The United States evacuated 3,900 people from Afghanistan on Saturday, bringing the total in the last week to about 25,000, amid an “incredibly volatile” situation outside the Kabul airport , the White House reported this Sunday.
This is the latest official update, which does not specify how many are Americans and how many are Afghans, in the evacuation efforts by the US government from Afghanistan.
The White House official who provided the information, on condition of anonymity, noted that the departures had occurred on both civilian and military flights.
For his part, Secretary of State, Antony Blinken, said that the situation around the airfield is “incredibly volatile” and acknowledged that the “Taliban control Kabul”, which makes exit operations difficult.
“That is the reality. That is the reality that we have to deal with,” Blinken said in an interview on CBS television.
For this reason, he admitted, “a requirement of the job now is to be in contact with the Taliban” to guarantee safe access to the airport, despite reports of blockade and harassment of Afghans who try to access the airfield to board any of the evacuation flights.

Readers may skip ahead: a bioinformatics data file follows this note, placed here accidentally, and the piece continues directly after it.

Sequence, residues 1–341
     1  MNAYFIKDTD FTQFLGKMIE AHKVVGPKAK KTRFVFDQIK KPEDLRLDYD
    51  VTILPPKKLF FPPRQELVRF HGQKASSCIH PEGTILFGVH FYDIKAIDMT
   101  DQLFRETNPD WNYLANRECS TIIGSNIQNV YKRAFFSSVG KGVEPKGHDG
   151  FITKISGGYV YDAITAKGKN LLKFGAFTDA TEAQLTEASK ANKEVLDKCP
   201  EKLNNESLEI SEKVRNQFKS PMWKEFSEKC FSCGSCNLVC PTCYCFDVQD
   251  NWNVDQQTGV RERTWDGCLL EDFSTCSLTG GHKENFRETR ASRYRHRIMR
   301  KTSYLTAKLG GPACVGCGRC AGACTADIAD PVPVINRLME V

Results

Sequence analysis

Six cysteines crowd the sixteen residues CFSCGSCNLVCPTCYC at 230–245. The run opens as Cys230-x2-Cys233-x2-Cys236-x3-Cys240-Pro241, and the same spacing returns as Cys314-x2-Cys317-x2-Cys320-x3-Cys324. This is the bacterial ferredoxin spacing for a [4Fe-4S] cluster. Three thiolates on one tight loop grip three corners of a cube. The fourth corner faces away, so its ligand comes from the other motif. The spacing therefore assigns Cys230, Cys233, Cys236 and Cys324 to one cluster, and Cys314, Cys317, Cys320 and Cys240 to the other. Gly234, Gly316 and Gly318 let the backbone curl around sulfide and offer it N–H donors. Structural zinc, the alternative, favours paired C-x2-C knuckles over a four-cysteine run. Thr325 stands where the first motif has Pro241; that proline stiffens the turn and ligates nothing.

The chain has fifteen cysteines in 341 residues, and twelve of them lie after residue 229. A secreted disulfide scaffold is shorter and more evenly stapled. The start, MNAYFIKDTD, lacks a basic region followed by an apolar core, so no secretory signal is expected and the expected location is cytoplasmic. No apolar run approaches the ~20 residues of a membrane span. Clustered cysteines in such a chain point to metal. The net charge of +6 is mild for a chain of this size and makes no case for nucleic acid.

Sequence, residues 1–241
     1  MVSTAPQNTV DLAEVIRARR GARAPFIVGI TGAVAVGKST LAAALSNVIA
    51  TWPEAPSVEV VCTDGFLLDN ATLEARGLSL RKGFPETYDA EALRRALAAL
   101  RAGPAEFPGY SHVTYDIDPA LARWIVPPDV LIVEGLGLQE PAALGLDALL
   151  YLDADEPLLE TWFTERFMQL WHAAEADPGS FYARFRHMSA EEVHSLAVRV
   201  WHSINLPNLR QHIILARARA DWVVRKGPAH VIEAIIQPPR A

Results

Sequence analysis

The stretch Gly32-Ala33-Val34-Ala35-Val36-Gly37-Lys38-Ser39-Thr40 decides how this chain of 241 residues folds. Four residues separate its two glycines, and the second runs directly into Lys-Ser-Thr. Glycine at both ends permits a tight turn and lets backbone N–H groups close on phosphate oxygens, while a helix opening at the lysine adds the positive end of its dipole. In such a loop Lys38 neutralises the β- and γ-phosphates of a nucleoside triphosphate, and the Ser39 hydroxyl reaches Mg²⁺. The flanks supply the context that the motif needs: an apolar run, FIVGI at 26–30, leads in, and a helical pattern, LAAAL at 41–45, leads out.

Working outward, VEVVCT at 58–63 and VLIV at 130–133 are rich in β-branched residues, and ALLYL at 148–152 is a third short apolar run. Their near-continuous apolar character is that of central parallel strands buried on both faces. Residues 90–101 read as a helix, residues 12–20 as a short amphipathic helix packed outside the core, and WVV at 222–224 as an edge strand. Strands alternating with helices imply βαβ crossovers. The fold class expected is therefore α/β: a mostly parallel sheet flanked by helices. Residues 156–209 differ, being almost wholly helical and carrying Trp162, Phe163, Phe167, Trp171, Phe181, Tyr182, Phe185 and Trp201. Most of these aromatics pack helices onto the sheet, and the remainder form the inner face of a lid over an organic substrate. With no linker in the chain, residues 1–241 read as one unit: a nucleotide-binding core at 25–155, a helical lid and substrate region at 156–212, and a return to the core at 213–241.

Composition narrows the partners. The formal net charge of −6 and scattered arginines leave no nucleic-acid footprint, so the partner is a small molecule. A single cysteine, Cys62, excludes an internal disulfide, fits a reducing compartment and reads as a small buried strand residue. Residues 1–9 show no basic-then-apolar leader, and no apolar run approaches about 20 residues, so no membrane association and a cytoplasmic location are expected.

Thousands of people crowd at the entrance to the Hamid Karzai International Airport in Kabul with the aim of getting on one of the planes to leave the country, amid the chaos that is experienced after the takeover of the capital by the Taliban a week ago.
According to White House estimates, there are still between 10,000 and 15,000 Americans in Afghanistan who need to be evacuated, in addition to between 50,000 and 65,000 Afghans and their families whom the US also wants to remove from the country.
This Sunday, the Secretary of Defense of the United States, Lloyd Austin, requested the assistance of several commercial airlines of the United States in the evacuation efforts of Afghanistan.
In a statement, the Pentagon reported that the airlines American Airlines, Atlas Air, Delta Airlines, Omni Air, Hawaiian Airlines and United Airlines will participate with 18 aircraft, although it stressed that they will not fly to Kabul and will focus on “the movement of passengers from secure temporary bases and temporary transit centers”.
The United States has reached agreements with various countries, including Germany, Qatar, Spain and Bahrain, to temporarily host Americans, applicants for special visas and Afghans at risk in transit to the United States.
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